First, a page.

1:00 pm - 2:00 pm
318J Agriculture/Forestry Centre (AgFor), Agriculture/Forestry Centre, Edmonton AB
A graduate exam seminar is a presentation of the student’s final research project for their degree.
This is an ALES PhD Final Exam Seminar by Jie Wang. This seminar is open to the general public to attend.
Thesis Topic: Development of Self-Cycling Fermentation Approach to Improve Productivities for Ethanol Production
PhD with Drs. David Bressler and Dominic Sauvageau.
Biofuels have great potential to help secure the global energy supply and reduce greenhouse gas emissions. Taking cellulosic ethanol as an example, it is a biofuel produced from lignocellulosic material (e.g. wood and corn stover), which is the most abundant polymer on the planet. The production process starts with pretreatment and enzymatic hydrolysis, which generates monomer sugars for fermentation into ethanol. The ethanol is then distilled into a high purity product. Despite the extensive technological developments achieved over the years for cellulosic ethanol production, the current industry is still faced with economic challenges, hindering its rapid expansion.
This thesis identifies the current industrial fermentation approach—performed in batch—as one of the primary limiting factors. This process requires extensive labor and long fermentation times, resulting in low productivity. In contrast, a self-cycling fermentation (SCF) approach with significant improvements in productivities were observed compared to conventional processing techniques. SCF is a semi-continuous, cycling fermentation technique that can be operated for a number of cycles; when cells arrive at stationary phase, half of the culture volume is automatically harvested and replaced by fresh medium to start the next cycle. Despite the integration of an SCF operation strategy into many microbial cultivation systems, it has not yet been successfully applied to ethanol production.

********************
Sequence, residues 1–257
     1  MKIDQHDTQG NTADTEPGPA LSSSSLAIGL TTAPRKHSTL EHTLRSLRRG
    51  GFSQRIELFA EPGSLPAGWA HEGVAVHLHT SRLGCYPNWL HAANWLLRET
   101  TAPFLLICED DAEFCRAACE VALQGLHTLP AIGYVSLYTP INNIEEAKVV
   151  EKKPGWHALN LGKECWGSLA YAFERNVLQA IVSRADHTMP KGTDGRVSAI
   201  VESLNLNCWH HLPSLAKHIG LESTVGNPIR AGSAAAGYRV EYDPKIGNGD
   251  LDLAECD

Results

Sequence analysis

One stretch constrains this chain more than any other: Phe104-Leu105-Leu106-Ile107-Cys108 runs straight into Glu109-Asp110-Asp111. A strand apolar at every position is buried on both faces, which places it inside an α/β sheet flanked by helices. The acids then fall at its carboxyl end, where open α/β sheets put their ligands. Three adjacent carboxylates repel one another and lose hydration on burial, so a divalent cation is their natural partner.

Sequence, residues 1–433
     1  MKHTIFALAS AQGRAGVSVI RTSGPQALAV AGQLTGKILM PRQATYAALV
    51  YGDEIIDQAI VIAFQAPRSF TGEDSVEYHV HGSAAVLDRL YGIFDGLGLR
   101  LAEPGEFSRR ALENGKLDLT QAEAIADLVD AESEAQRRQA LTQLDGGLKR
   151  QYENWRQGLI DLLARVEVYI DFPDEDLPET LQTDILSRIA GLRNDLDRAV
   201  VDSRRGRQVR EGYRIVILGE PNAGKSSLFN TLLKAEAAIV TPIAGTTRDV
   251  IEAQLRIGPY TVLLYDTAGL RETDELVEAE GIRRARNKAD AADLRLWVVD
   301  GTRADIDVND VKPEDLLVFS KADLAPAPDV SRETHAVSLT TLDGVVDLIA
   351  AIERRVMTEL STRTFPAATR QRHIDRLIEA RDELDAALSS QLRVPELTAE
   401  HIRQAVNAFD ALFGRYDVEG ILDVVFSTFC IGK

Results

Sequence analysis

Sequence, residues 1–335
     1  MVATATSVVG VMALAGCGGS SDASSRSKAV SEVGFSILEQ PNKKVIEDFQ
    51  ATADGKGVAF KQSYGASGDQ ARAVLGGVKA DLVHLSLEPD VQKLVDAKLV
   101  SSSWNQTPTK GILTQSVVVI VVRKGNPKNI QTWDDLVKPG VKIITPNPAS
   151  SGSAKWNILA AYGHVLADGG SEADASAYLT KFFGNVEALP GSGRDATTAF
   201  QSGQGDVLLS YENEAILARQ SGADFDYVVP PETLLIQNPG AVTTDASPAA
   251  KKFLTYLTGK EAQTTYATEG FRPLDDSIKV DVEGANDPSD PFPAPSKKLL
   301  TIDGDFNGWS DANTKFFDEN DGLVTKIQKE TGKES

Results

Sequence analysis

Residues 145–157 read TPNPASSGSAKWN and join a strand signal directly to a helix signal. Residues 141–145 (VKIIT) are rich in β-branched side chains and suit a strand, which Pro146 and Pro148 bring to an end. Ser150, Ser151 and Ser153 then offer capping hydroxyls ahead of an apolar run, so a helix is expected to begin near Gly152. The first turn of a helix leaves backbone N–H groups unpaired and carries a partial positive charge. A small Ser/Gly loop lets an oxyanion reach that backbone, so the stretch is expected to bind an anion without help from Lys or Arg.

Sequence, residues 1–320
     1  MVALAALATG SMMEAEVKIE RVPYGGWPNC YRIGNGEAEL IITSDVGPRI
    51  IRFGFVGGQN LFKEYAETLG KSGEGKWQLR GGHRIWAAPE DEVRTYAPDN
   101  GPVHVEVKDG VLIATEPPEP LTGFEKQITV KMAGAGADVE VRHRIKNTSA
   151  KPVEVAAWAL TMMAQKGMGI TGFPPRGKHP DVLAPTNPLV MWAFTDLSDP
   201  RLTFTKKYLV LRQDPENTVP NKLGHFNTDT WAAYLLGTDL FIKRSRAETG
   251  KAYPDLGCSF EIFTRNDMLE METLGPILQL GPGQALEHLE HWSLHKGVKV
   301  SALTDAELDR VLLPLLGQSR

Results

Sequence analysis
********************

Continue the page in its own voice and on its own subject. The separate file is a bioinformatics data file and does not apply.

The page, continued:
This work aims to integrate the SCF approach into ethanol fermentation by automating the process and improving overall productivity. The first study mimicked the SCF approach using synthetic medium in shake flasks, where half of the culture volume was manually removed and replaced with sterile medium for a total number of five cycles. As a result, stable patterns for glucose consumption and ethanol production were observed for SCF after cycle 1, but using only about 1/3 of the fermentation time of batch fermentation. This proved a proof-of-concept that SCF can help significantly increase ethanol volumetric productivity (the amount of ethanol produced by a cycle per working volume per cycle time) compared to batch fermentations performed under similar conditions.
To apply a real SCF strategy into ethanol production, the process needs to be automatically monitored and driven by a feedback control parameter. The second study successfully identified a real-time sensing parameter—gas flow rate—that revealed the flow rate of CO2 evolved from the fermenter under anaerobic conditions. With the incorporation of the gas flow meter, an SCF system using synthetic medium was successfully operated for ethanol production in a 5-L fermenter. A stable and robust behavior was observed, and the system was automatically operated for 21 cycles. More importantly, the ethanol volumetric productivity of SCF was substantially improved by over 35%, compared to batch.
Finally, to explore the use of feedstocks that would be more representative of the cellulosic ethanol industry, the enzymatic hydrolysate of wood pulp was fed into the newly established SCF system for ethanol production. The same feedback control parameter, gas flow rate, successfully drove the fermentation for 10 cycles, with remarkable improvement in ethanol volumetric productivity (54-82%) compared to batch. Interestingly, during the operation of SCF, cell flocculation was consistently observed as cycle number increased; this improvement will facilitate the downstream separation process. Taken together, this work demonstrated that an advanced cycling fermentation strategy can significantly improve ethanol productivity, which will contribute to a reduction of production cost for the cellulosic ethanol industry, thus helping to overcome energy and environmental challenges.